Updated on March 21, 2023
Let’s admit it, in the business world, we all try to get away from a conversation when we see a person has the SDR (Sales Development Representative) or BDR (Business Development Representative) job title on their headline, suspecting they are just going to try to “sell” something.
But be no mistake that an SDR is one of the most crucial roles within B2B Sales teams. And why is that? It’s simply because the SDRs are the first (wo)men on the front to find and fight for the overall growth of the company, the ROI, and the MRR. And yes, selling is the final target of an SDR, but building a long-term relationship with clients, holding a good reputation for the company, and spreading the word about your solution to achieve brand awareness are among the many things an SDR can do for your company.
Although a very responsible position, we often see the SDR title as an entry role, thus, newbie sales reps often don’t have any experience or understanding of the industry. They usually need professional training and coaching to achieve the desired results, oftentimes for a longer period of time.
This is where you need to have a very solid SDR onboarding plan to avoid overlooking steps in the SDR lifecycle.
It could be more challenging than anticipated to onboard effectively.
So, I would like to dive into the flaws and the wins we did with SDR onboarding for our own Sales Team and share the experience we had with onboarding SDRs in the past 3 years.
1. Why is SDR onboarding so important?
On average, the time it takes your new sales dev rep to ramp up is 3.1 months but the time they stay with your company is just 1.8 years, according to Bridge Group reports from 2022. That leaves them around 17-18 months for them to give their best performance before they get overwhelmed.
So, you might think this is not a lot of time to return the investment you initially did, so why not cut off on the onboarding?
Let me tell you… not a good idea!
A properly trained SDR can outperform any sales rep by any given KPI, and that is because they can leverage tools faster, they can automate a lot of their tasks and they can focus on the ROI, rather than the entire process.
With a good onboarding process, new starters will reach the quota more quickly, and this will even shorten your onboarding process, which brings us back to the ROI.
One other thing we should consider while onboarding SDRs, is that most people would stay working longer for a company if they are given the chance to learn and grow, and this includes good onboarding, resource availability, and process optimization.
So we end up with SDRs working faster, longer, and with more success than an average sales rep.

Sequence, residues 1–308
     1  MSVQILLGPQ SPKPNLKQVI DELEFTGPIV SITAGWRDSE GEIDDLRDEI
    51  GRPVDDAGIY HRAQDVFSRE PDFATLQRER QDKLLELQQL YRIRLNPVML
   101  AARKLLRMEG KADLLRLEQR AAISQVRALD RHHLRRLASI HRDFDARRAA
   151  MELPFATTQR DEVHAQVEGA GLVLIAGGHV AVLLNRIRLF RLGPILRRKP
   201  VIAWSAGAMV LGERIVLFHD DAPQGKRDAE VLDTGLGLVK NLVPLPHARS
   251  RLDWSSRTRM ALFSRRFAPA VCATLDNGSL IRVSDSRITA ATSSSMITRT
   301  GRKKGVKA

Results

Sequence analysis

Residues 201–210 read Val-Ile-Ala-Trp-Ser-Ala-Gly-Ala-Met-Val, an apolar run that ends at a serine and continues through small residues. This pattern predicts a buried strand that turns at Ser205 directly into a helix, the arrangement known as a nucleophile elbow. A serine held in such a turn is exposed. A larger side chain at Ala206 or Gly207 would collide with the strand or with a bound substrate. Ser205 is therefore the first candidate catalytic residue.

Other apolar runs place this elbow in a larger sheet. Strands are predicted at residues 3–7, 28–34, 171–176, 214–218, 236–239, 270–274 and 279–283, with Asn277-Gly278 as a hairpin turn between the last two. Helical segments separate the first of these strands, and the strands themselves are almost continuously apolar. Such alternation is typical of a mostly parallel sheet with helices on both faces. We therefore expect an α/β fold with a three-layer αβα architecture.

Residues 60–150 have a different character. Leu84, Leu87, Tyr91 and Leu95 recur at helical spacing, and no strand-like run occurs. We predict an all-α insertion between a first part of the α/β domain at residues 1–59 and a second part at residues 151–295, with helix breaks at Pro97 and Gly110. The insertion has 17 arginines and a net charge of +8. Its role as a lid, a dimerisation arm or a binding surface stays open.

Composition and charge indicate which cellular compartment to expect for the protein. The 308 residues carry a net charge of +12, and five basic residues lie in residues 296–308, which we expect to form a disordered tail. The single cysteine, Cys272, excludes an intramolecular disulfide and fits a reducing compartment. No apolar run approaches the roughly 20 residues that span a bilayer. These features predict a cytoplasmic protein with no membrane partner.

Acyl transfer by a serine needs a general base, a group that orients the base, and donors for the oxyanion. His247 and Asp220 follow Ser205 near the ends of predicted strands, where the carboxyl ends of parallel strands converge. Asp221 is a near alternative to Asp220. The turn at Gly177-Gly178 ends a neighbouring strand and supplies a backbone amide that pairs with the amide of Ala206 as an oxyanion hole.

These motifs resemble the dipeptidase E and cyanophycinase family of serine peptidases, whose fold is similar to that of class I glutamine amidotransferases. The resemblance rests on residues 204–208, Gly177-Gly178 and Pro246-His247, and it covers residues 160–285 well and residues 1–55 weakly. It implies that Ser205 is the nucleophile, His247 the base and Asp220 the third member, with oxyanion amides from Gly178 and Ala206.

Not bad right?
2. What should you consider when preparing your onboarding action plan?
Depending on the size of your business, your sales team, and your resources, your SDR onboarding process might last shorter or longer (from 4 to 12 weeks on avg.). In any case, you should always have the same elements in mind for the structure of your action plan:
The process will only be effective if you plan ahead and maintain updated documentation. Finding a solid system for your team members to follow is essential. You should never deviate from your core process, but you can try adjusting it to the current OKRs. Having good planning and documentation will come in handy also when other people from the company need to be involved.
Just delegating tasks and micromanaging won’t do the trick for a successful team of SDRs. Offering your experience, guidance, but also the freedom to give ideas and implement something they’ve experienced during everyday work is crucial to having a healthy environment and taking away the pressure off their shoulders. You can organize workshops for your SDRs to help them to absorb the knowledge better and not focus only on theory reading books.
- Feedback & Reviews
We already mentioned not being the Micromanager, however, your SDRs would need daily check-ups and feedback regarding their performance. Think of this more like homework that needs to be reviewed, rather than bombard them with all the things they did wrong. Put feedback on your to-do list and do the revisions of the results together. If you want to go a step further in evaluating their skillset, you can give them the responsibility to organize a webinar either only for your company, for their team, (or if you are confident enough, for the public as well), and then give advice on how to improve.
- Resources and Techstack
Keep your SDRs in the loop by providing them with some sort of a knowledge base. This can be a Google Drive Folder or access to a specific KB app, learning platform, etc. Take your time to find and share webinars with your SDRs from sales or other professionals in the field, as the things are best learned by example. Share everything you have at your disposal for learning and include your experience in the materials (We have our own Sales Academy for example).
Count the sales apps in your Resources stack as well. A well-equipped SDR can save 8 hours in the week just by leveraging good sales tools.
- Internal communication and help
Don’t make your Sales Team an isolated island. Communication with the other teams, especially with marketing, is crucial for common help, knowledge transfer, and alignment of goals and targets. Make sure you enable communication between the teams and let them know they are at their “disposal” for help and materials.
3. Monthly SDR onboarding plan for the 1st month
In the past 3 years, we’ve onboarded many SDRs and we’ve learned through the years what works and what doesn’t. Our SDR Onboarding action plan goes beyond just the first month, however, it’s shown that the first month it’s the crucial one to make or “break” a new SDR. Here is what our SDR onboarding for the first month looks like:
Day 1: Make sure your new SDR is welcomed by the team and they get to know the company and the company culture.
- Organize a team introduction
- Share access to company tools and go over the basics
- Create an email address and signature
- Include new members in team chats and internal communication channels